While something might seem better than nothing, it is critical to note that all the evidence shows that when retail prices are regulated, customers are less likely to shop around for a better deal. The vast majority of customers who will get a $105 saving, could have saved significantly more by simply signing up to a market deal.
But what about all other customers?
The DO will not directly benefit the vast majority of customers who have already signed up to market offers. These prices are set by contract with the retailer directly and are already likely to be cheaper than the DO.
In the short term, market offer customers are likely to benefit from simpler offer comparison. The DO would set the price for a reference bill from which all retailers would need to base their headline discounts off. This solves the confusion that arises when retailers base their discounts off different rates, meaning a deal with a 5 per cent discount can sometimes be cheaper than one with a 30 per cent discount.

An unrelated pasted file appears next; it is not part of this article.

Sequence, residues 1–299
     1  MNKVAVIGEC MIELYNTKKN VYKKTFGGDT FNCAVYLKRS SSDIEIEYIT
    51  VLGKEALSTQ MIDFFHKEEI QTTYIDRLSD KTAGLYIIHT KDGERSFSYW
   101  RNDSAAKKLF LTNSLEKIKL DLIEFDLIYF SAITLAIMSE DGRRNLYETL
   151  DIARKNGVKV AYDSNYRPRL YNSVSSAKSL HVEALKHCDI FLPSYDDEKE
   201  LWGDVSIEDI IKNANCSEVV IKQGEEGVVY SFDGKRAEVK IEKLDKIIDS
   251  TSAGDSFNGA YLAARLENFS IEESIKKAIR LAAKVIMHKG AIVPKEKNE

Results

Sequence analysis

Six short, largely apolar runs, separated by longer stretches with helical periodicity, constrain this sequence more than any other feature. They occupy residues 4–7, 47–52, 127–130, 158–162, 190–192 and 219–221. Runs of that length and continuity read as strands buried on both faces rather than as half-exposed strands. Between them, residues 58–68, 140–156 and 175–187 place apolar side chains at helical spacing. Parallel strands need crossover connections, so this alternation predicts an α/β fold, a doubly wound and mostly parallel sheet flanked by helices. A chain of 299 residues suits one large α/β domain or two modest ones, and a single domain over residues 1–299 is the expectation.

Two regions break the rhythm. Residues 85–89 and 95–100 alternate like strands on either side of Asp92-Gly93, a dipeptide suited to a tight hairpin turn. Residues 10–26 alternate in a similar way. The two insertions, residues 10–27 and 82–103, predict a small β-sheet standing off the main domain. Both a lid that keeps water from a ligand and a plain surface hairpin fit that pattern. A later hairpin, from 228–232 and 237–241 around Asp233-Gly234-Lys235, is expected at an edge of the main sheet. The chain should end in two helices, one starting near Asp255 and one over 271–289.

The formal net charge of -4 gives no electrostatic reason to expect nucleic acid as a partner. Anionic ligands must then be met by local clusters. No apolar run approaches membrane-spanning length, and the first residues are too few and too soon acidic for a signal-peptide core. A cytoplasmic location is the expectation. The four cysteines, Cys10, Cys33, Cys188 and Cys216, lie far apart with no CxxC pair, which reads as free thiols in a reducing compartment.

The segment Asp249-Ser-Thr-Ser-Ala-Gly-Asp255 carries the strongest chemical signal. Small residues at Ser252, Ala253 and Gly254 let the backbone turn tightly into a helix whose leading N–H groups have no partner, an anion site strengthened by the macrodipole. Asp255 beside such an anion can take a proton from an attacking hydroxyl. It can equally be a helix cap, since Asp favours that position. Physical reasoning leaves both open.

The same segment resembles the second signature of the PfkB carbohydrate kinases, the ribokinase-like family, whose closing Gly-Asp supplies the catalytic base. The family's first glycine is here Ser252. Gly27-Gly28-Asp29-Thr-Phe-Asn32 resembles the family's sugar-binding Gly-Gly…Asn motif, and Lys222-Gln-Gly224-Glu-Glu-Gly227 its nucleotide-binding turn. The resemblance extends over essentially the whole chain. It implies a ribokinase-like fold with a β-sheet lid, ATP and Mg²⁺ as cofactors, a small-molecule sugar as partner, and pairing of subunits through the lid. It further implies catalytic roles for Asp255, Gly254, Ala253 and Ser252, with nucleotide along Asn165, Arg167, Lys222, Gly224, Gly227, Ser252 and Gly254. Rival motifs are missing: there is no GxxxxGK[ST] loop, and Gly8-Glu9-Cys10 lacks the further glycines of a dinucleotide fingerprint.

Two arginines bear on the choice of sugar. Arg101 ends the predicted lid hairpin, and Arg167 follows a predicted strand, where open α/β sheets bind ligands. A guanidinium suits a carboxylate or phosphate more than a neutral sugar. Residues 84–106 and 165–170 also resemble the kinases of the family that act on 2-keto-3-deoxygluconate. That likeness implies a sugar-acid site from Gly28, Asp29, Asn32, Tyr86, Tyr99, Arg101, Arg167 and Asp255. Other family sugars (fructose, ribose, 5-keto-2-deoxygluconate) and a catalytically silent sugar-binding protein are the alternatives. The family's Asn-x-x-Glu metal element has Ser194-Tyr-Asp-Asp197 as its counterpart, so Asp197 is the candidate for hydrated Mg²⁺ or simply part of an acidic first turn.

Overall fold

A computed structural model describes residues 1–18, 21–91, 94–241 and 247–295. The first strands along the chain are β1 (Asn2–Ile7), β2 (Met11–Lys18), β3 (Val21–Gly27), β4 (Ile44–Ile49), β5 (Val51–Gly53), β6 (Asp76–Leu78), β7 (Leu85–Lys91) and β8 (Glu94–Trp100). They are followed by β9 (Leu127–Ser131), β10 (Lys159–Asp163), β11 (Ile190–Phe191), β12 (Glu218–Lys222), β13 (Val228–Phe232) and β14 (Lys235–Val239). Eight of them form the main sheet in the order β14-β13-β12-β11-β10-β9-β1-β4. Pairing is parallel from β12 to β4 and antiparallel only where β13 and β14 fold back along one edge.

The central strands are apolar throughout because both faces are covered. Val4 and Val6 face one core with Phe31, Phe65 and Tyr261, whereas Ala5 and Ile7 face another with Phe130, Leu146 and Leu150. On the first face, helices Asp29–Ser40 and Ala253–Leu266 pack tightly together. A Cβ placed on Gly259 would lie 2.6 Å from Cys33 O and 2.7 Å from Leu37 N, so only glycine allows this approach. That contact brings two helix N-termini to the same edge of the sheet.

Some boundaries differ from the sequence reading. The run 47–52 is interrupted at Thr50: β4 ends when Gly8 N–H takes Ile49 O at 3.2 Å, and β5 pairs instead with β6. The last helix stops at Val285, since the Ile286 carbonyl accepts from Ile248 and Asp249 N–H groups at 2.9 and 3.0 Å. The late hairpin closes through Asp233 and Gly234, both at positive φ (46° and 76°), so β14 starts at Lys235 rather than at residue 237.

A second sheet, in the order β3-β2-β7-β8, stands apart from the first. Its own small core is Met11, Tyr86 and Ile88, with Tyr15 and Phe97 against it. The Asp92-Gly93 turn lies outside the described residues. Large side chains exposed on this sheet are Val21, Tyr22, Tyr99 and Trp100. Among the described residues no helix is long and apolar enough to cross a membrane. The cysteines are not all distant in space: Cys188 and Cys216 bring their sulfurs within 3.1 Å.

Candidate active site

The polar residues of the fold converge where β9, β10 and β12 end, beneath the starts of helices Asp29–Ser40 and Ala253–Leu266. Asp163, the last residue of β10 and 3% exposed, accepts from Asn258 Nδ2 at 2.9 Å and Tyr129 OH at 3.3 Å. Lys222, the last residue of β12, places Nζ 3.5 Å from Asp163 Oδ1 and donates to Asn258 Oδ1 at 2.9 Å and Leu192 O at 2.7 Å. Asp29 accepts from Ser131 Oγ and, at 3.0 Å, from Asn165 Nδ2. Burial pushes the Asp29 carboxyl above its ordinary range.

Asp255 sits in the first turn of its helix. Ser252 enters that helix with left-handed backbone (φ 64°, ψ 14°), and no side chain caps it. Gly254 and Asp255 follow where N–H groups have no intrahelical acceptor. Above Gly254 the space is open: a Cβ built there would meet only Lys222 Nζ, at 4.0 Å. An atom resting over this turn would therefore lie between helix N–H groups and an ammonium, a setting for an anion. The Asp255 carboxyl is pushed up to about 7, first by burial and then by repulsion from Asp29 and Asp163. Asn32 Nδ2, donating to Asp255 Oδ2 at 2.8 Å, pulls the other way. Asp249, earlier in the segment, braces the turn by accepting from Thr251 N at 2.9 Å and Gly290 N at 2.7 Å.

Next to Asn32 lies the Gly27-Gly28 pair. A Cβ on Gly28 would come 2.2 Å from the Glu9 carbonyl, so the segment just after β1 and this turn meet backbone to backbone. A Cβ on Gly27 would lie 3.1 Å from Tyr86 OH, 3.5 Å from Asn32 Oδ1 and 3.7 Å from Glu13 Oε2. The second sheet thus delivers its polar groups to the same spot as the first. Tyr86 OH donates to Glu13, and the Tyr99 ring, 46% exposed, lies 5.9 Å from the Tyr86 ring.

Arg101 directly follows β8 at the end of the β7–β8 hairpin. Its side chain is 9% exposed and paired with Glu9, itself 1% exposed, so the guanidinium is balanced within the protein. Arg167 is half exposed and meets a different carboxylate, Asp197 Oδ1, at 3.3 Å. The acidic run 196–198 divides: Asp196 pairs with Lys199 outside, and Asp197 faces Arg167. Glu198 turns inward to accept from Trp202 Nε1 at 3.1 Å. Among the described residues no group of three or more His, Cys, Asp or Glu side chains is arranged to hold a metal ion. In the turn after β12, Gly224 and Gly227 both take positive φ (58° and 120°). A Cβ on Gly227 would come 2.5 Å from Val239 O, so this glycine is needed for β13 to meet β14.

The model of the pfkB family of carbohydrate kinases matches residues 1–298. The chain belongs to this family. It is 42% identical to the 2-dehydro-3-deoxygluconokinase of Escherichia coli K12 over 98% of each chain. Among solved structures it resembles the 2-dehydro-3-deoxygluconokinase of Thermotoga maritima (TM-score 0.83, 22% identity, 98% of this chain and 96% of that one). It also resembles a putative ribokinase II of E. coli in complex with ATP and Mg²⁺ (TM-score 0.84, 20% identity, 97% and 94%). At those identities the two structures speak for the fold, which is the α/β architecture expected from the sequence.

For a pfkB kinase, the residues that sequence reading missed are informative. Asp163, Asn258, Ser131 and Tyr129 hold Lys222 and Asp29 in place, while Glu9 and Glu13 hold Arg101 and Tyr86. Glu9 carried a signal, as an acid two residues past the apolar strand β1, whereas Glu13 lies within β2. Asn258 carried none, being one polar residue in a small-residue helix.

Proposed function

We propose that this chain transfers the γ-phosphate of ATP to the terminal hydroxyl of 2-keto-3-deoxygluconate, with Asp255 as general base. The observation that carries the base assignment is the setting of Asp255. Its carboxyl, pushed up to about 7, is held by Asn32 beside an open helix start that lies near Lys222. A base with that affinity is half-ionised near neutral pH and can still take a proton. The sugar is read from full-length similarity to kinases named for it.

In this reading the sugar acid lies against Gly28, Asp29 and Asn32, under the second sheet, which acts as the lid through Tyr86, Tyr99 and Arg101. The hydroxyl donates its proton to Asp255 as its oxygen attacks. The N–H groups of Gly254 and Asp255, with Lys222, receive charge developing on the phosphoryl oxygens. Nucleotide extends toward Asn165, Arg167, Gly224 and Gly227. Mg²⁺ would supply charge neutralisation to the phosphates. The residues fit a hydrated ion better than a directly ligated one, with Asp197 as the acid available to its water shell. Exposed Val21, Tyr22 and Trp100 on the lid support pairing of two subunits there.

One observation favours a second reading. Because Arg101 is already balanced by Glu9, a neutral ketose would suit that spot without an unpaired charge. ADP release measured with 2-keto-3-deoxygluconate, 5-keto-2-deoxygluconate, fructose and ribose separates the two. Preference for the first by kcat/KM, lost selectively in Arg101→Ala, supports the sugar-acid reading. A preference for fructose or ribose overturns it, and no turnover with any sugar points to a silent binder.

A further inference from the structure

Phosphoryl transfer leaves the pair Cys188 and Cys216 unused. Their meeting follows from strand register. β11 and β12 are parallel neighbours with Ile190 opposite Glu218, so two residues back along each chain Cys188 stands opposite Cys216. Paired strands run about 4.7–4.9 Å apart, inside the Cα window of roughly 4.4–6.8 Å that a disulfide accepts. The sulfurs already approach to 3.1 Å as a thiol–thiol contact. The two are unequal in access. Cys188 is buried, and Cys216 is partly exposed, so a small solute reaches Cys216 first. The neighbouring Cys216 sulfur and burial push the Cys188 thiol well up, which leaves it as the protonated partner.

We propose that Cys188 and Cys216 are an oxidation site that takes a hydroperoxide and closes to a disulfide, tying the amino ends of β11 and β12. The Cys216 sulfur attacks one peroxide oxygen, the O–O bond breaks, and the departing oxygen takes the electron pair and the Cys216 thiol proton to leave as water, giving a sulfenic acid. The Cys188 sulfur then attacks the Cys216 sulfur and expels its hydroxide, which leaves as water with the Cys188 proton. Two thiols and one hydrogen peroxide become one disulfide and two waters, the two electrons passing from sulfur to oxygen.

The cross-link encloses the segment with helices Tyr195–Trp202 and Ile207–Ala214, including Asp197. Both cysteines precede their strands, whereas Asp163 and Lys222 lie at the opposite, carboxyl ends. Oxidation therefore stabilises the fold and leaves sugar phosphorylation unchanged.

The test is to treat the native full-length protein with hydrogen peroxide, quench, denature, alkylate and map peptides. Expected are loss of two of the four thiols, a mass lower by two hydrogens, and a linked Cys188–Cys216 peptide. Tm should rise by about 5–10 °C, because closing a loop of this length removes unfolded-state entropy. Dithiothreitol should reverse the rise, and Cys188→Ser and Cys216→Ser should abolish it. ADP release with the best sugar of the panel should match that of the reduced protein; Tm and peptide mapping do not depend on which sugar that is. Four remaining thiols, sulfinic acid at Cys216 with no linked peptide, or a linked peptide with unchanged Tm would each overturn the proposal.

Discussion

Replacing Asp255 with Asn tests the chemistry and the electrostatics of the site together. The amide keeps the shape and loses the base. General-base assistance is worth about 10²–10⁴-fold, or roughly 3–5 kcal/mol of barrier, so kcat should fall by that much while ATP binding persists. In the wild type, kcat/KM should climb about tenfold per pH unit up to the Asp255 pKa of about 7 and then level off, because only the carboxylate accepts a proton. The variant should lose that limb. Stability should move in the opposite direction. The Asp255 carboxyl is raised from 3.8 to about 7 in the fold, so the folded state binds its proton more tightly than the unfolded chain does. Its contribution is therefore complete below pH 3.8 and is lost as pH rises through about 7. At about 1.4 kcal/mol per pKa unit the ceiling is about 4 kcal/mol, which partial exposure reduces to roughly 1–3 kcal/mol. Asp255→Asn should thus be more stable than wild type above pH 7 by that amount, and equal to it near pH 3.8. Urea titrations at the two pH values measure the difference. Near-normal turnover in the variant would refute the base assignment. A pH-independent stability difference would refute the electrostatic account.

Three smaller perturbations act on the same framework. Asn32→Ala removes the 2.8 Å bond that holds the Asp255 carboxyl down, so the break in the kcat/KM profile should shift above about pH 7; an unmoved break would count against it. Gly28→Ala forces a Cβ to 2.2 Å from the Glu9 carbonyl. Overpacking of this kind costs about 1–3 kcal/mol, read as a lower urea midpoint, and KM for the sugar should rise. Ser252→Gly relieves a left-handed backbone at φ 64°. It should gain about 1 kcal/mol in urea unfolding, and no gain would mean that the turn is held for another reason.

But in the long term, price regulation comes with significant risks. Customers comforted by the presence of a “fair” regulated tariff will be incentivised to disengage from the market, and the number of good offers that consumers are benefitting from today will undoubtedly shrink. If the default offer is set too low it can drive smaller retailers out of the market, taking with them energy products their customers want. If set too high, the customers choosing to sit on the regulated tariff pay more than they need to. Either way, consumers lose in the long run with less competition, higher average prices, and less innovation in the sector.
The benefits of a good reference rate